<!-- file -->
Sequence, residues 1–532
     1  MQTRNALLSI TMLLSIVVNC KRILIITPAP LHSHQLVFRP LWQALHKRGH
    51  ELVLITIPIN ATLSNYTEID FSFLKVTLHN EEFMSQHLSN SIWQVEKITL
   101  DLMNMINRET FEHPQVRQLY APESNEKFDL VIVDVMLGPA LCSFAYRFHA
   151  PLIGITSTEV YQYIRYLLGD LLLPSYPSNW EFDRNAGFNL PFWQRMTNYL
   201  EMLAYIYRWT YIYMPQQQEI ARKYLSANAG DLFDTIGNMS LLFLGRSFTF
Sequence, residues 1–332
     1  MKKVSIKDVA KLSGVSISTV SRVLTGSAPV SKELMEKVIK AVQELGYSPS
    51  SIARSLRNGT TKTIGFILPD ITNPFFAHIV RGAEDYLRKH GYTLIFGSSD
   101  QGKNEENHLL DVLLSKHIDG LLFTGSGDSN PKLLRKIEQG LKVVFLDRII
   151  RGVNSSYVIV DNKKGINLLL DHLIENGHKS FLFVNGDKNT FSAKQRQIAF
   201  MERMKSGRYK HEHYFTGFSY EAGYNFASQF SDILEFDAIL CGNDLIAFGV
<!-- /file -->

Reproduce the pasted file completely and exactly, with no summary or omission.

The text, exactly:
Sequence, residues 1–532
     1  MQTRNALLSI TMLLSIVVNC KRILIITPAP LHSHQLVFRP LWQALHKRGH
    51  ELVLITIPIN ATLSNYTEID FSFLKVTLHN EEFMSQHLSN SIWQVEKITL
   101  DLMNMINRET FEHPQVRQLY APESNEKFDL VIVDVMLGPA LCSFAYRFHA
   151  PLIGITSTEV YQYIRYLLGD LLLPSYPSNW EFDRNAGFNL PFWQRMTNYL
   201  EMLAYIYRWT YIYMPQQQEI ARKYLSANAG DLFDTIGNMS LLFLGRSFTF
Sequence, residues 1–332
     1  MKKVSIKDVA KLSGVSISTV SRVLTGSAPV SKELMEKVIK AVQELGYSPS
    51  SIARSLRNGT TKTIGFILPD ITNPFFAHIV RGAEDYLRKH GYTLIFGSSD
   101  QGKNEENHLL DVLLSKHIDG LLFTGSGDSN PKLLRKIEQG LKVVFLDRII
   151  RGVNSSYVIV DNKKGINLLL DHLIENGHKS FLFVNGDKNT FSAKQRQIAF
   201  MERMKSGRYK HEHYFTGFSY EAGYNFASQF SDILEFDAIL CGNDLIAFGV